At least 80 people have been killed and 1,700 injured by car bomb blasts outside US embassies in the east African capitals of Nairobi and Dar es Salaam yesterday. The explosions which occurred minutes apart at around 10:35 AM local time caused extensive damage to nearby buildings. Rescue workers fear that the death toll will rise sharply as they sift through the rubble for survivors.
The explosion in the Kenyan capital of Nairobi appears to have been caused by a car bomb set off at the back of the US embassy. The blast not only damaged the embassy building but tore through the nearby Cooperative Bank and reduced the seven-floor Ufundi Cooperative House to a pile of rubble. Windows were shattered as far as 10 blocks away.
The latest figures from Kenyan police and ambulance services indicate that 74 people are dead and 1,643 are injured. Rescuers often with very primitive equipment continued to work through the night. Fears are held for the safety of students and lecturers who were involved in secretarial and computer courses at Ufundi Cooperative House.
A second explosion ripped through the Tanzanian capital of Dar es Salaam a few minutes after the Kenyan blast. The bomb is reported to have been triggered in the US embassy parking lot. Fearing further explosions Tanzanian police hastily evacuated other buildings.
CNN reporter Navroz Ahmad described the area in Dar es Salaam: 'The place looks like a war zone. The houses have been blown to pieces and the roofs shattered.' At least seven people died and 72 were wounded.
No organisation or individual has claimed responsibility for what seems to have been a co-ordinated and well organised attack on two US embassies. But the lack of any statement or evidence pointing to a particular group has not stopped the press from immediately pointing the finger at 'Islamic' or 'Middle Eastern terrorists'.
The list of suspects cited in the media, usually on the basis of unnamed US officials, include the Egyptian Islamic Jihad, which is said to have threatened an attack on American interests because some of its members were recently arrested in Albania and deported to Egypt.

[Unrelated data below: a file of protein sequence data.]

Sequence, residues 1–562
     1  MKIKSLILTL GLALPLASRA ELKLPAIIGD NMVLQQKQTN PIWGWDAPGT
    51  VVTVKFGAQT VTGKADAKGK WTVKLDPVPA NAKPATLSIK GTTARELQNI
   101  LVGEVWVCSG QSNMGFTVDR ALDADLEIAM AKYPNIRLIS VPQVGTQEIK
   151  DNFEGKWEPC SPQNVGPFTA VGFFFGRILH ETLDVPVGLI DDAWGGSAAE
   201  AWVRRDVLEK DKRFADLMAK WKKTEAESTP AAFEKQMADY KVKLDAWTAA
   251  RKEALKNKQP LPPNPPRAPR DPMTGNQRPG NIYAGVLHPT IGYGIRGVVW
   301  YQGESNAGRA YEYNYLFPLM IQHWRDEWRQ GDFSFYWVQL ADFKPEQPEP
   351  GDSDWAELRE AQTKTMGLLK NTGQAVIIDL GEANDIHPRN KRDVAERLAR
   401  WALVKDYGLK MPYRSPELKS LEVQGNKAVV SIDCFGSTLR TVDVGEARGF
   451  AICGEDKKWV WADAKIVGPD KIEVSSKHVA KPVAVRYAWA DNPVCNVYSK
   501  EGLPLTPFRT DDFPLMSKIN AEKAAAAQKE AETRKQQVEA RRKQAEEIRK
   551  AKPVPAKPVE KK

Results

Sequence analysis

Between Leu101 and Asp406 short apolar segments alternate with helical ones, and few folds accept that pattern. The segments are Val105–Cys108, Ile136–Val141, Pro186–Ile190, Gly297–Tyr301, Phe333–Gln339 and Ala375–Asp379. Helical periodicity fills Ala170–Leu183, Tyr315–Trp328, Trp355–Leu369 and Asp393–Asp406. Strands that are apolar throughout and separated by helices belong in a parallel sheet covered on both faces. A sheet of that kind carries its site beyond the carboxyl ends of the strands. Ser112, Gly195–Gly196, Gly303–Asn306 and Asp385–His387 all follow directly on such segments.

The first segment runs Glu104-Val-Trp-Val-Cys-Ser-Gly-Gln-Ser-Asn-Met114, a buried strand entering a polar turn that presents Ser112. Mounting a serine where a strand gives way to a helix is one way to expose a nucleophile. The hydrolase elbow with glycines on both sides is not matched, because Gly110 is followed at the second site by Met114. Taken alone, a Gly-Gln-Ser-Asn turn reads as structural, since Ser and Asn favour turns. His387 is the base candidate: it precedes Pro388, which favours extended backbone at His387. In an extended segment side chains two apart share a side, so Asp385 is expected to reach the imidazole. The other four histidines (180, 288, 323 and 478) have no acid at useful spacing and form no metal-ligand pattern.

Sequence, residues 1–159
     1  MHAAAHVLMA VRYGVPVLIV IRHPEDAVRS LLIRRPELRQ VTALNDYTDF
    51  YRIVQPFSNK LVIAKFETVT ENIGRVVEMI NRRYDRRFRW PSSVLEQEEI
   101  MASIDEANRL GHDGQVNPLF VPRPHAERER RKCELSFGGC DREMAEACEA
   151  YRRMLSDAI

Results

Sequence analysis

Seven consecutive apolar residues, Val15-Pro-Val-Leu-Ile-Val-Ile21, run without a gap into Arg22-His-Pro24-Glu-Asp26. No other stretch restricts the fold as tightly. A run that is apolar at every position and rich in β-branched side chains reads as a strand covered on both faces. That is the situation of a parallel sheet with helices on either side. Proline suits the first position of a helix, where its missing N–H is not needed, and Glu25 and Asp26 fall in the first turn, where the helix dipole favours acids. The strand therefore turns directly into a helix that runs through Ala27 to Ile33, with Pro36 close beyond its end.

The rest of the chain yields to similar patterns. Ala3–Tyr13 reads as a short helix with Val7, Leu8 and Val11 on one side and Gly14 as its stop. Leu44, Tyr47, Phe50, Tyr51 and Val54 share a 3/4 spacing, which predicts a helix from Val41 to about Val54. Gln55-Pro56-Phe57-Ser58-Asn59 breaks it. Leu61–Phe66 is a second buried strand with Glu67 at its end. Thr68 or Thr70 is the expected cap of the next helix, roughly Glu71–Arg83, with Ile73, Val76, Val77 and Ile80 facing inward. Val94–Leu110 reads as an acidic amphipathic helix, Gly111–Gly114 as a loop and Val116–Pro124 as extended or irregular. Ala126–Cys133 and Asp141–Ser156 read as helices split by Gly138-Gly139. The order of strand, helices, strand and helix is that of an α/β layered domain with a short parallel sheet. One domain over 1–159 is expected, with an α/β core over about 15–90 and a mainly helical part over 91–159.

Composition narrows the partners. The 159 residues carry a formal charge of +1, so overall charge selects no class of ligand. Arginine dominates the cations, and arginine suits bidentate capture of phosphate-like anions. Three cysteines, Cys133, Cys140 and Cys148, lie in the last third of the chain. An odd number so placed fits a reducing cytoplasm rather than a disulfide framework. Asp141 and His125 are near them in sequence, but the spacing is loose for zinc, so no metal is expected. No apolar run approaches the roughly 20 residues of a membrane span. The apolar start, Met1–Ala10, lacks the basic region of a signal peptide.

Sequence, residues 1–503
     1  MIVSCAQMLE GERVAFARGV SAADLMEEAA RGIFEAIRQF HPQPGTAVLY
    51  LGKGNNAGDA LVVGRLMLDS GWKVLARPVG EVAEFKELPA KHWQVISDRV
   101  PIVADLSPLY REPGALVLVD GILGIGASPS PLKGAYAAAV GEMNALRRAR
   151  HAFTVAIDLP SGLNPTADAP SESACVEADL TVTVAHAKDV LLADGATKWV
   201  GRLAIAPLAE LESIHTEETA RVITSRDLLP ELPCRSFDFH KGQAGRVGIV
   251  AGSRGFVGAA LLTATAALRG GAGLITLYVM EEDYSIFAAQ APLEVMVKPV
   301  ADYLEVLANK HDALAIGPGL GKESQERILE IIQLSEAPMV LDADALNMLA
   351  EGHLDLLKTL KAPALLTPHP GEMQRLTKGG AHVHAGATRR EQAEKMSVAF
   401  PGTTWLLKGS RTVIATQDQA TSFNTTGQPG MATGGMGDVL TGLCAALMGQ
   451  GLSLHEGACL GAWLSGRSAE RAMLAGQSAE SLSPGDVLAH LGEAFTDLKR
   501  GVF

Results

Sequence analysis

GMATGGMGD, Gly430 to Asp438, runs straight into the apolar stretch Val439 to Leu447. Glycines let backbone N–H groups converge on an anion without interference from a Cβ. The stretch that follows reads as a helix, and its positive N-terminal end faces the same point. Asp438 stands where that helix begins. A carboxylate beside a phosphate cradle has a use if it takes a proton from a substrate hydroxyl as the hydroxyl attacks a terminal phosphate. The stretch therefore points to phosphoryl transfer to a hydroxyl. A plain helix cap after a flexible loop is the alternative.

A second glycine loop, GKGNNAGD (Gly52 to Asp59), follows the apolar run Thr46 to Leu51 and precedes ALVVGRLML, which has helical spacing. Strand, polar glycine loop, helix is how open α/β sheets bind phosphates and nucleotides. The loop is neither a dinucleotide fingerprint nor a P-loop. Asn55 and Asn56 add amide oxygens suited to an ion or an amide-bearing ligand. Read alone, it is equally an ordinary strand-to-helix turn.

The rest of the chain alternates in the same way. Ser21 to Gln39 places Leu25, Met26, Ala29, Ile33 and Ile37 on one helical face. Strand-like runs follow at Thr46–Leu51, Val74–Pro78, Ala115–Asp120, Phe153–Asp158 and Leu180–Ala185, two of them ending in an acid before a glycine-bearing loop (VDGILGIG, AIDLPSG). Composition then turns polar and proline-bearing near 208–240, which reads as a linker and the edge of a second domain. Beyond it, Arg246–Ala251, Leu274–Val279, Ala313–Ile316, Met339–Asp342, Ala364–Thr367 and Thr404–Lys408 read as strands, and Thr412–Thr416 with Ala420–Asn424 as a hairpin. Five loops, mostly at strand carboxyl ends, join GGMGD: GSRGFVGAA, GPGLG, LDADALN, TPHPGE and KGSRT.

The press has also been quick to pinpoint Osama bin Ladan, a dissident from Saudi Arabia currently living in Afghanistan. According to one report, Bin Ladan is the US State Department's prime suspect for the bombings of US installations in Riyadh in 1995 and near Dharan in 1996 in Saudi Arabia which resulted in a number of deaths. Bin Ladan has denied any reponsibility for the east African explosions.
Without ruling out any possibility, it is worth noting that the media and US officials were also quick to blame the Oklahoma City bombing in April 1995 on 'terrorists' from the Middle East. It rapidly became clear, however, that Americans with connections to extreme right-wing militia groups were responsible for the horrific explosion which killed hundreds and injured many more.
Regardless of who carried out the latest bombings in Kenya and Tanzania, long experience has shown that such terrorist acts are utterly reactionary in their consequences. The bombings can in no way be considered a legitimate means of opposing imperialist oppression. The immediate result has been an indiscriminate loss of life and senseless injury -- the vast majority of the victims being African men, women and children.
Furthermore, the Clinton administration has immediately seized on the bombings to dispatch military and police units to both Kenya and Tanzania. A US Foreign Emergency Support Team comprising FBI agents, security experts and communications experts was sent to Nairobi from Andrews Airforce base near Washington. A second FBI team was being rapidly formed to be dispatched to Dar es Salaam. Another group of at least 40 specialist marines known as the Fleet Anti-Terrorist Security Team was sent to Nairobi.
One of the most reactionary aspects of the bombings is that the US administration will seize on these terrorist acts as the means to prosecute its interests in Kenya, Tanzania and throughout Africa. The continent is already an arena for sharp rivalry between the major powers -- particularly, the US and France -- for control over its rich natural resources.
US President Clinton has been quick to denounce the attacks as 'abhorrent and inhuman,' adding that the US would use 'all means at our disposal to being those responsible to justice'. The US administration will utilise the bombings to strengthen its ties with police, security and military agencies in Africa. It also has the potential to be used as a pretext for belligerent US military and intelligence operations in the Middle East and elsewhere.
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